At seven children go on from the infants’ school to the junior school. This marks the transition from play to “real work”. The children have set periods of arithmetic, reading and composition which are all Eleven Plus subjects. History, Geography, Nature Study, Art and Music, Physical Education, Swimming are also on the timetable.

Pupils are streamed, according to their ability to learn into, A, B, C and D streams. The least gifted are in the D stream. Formerly towards the end of their fourth year the pupils wrote their Eleven Plus Examination. The hated 11 + examination was a selective procedure on which not only the pupil’s future schooling but their future careers depended. The abolition of selection at Eleven plus Examination brought to life comprehensive schools where pupils can get secondary education.

4.Secondary Education.

          The majority of state secondary school pupils in England and Wales attend comprehensive schools. These largely take pupils without reference to ability or aptitude and provide a wide range of secondary education for all or most children in a district. Schools take those, who are the 11 to 18 age-range, middle schools (8 to 14), and schools with an age-range from 11 to 16. Most other state-educated children in England attend grammar or secondary modern schools, to which they are allocated after selection procedures at the age of 11.

  Many people complained that it was wrong for a person’s future to be decided at a so young age. The children who went to “secondary moderns” were seen as “failures”. More over, it was noticed that the children who passed this exam were almost all from middle-class families. The Labor Party, returned to power in 1965, abolished the 11+ and tried to introduce the non-selective education system in the form of “comprehensive” schools, that would provide schooling for children of all ability levels and from all social backgrounds, ideally under one roof. The final choice between selective and non-selective schooling, though, was left to LEAS that controlled the provision of school education in the country. Some authorities decided for comprehensive, while others retained grammar schools and secondary moderns.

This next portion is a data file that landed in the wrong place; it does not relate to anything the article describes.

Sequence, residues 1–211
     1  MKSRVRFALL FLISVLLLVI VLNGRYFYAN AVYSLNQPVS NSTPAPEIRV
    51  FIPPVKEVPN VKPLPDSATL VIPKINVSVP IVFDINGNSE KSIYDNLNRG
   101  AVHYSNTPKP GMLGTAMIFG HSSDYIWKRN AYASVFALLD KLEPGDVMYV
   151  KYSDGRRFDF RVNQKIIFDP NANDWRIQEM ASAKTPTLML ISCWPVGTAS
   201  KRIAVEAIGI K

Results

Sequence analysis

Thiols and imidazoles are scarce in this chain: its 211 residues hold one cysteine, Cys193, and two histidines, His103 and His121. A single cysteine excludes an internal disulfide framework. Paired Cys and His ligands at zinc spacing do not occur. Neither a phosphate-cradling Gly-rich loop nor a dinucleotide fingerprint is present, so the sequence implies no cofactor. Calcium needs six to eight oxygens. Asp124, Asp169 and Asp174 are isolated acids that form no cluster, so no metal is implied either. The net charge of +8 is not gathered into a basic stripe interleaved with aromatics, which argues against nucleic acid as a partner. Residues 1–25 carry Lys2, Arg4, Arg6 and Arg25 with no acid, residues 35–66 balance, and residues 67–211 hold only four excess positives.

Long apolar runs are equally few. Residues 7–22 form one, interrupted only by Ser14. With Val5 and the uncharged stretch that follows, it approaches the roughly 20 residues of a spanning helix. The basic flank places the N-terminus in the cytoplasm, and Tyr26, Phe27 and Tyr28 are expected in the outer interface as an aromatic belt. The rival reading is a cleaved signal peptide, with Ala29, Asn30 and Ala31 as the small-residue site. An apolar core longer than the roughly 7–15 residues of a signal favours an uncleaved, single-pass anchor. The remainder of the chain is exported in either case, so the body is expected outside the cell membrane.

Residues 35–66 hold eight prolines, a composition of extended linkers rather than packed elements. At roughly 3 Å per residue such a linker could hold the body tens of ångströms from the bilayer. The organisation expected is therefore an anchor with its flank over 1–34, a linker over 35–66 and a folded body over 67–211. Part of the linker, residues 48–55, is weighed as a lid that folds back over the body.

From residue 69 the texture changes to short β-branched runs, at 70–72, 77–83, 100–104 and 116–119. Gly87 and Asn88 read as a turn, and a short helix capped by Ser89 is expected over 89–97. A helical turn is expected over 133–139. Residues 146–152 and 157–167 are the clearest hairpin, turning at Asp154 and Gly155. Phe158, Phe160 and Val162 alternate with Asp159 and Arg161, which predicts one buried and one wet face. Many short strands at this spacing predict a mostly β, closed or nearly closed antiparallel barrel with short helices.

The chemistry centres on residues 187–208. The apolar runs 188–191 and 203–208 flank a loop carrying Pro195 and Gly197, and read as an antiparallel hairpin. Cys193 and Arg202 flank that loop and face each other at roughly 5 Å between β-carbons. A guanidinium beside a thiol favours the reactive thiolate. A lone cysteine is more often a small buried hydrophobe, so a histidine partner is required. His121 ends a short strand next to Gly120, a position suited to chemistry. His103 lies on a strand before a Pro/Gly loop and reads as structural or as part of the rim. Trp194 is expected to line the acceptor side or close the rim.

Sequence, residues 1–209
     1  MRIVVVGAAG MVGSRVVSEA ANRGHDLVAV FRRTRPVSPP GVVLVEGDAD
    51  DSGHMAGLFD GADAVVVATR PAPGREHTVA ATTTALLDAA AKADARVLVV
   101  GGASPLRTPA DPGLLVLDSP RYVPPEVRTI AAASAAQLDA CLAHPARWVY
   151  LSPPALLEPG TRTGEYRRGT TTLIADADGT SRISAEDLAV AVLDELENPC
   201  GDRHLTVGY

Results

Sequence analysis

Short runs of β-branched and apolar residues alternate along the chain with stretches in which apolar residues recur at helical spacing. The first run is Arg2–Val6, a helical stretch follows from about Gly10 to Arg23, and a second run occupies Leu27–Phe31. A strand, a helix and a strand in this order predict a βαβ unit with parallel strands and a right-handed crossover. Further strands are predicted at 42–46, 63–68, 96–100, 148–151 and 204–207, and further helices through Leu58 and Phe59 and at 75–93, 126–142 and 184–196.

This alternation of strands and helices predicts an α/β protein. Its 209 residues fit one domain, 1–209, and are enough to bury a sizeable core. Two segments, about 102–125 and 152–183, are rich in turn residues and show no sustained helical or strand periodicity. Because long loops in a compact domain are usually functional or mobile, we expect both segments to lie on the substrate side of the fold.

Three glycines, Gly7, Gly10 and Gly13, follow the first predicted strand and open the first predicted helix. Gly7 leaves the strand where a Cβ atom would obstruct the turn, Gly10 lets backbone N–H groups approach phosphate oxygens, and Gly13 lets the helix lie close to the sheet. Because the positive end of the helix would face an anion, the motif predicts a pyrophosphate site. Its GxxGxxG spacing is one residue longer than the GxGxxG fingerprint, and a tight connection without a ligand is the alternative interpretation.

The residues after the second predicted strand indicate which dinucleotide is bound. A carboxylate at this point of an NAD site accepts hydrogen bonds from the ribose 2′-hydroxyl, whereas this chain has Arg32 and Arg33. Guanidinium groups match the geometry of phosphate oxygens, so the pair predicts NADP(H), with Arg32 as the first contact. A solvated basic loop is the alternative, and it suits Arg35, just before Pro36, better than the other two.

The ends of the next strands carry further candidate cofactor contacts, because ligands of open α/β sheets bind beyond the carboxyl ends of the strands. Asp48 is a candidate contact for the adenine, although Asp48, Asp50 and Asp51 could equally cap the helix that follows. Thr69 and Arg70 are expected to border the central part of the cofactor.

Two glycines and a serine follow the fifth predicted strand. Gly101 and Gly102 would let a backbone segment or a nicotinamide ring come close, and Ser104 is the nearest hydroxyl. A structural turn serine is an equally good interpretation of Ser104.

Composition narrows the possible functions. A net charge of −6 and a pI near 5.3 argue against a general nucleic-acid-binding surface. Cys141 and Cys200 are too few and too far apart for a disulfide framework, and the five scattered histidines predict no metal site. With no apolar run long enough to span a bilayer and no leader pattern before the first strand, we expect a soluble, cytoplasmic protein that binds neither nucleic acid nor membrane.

In the late 1980s the Conservative government introduced another major change. Schools cloud now decide whether to remain as LEA-maintained schools or to “opt-out” of the control of the LEA and put themselves directly under the control of the government department. These “grant-maintained” schools were financed directly by central government. This did not mean, however, that there was more central control: grant-maintained schools did not have to ask anybody else about how to spend their money.

          A recent development in education administration in England and Wales in the School Standards and Framework Act passed in July 1998. The Act established that from 1.09.1999 all state school education authorities with the ending of the separate category of grant maintained status.

          There are some grant-maintained or voluntary aided schools, called City Technology Colleges. In 1999 there were 15 City Technology Colleges in England. These are non-fee-paying independent secondary schools created by a partnership of government and private sector sponsors. The promoters own or lease the schools, employ teachers and make substantial contributions to the costs of building and equipment. The colleges teach the NC, but with an emphasis on mathematics, technology and science.

          So, today three types of state schools mainly provide secondary education: secondary modern schools grammar schools and comprehensive schools. There should also be mentioned another type of schools, called specialist schools. The specialist school programmer in England was launched in 1993. Specialist schools are state secondary schools specializing in technology, science and mathematics; modern foreign languages; sports; arts.

          State schools are absolutely free (including all textbooks and exercise books) and generally co-educational.

          Under the NC a greater emphasis at the secondary level is laid on science and technology. Accordingly, ten subjects have to be studied: English, history, geography, mathematics, science, a modern foreign language, technology, music, art and physical education. For special attention there of these subjects (called “core subjects”): English, science, mathematics and seven other subjects are called “foundation or statuary subjects”. Besides, subjects are grouped into departments and teachers work in teams and to plan work.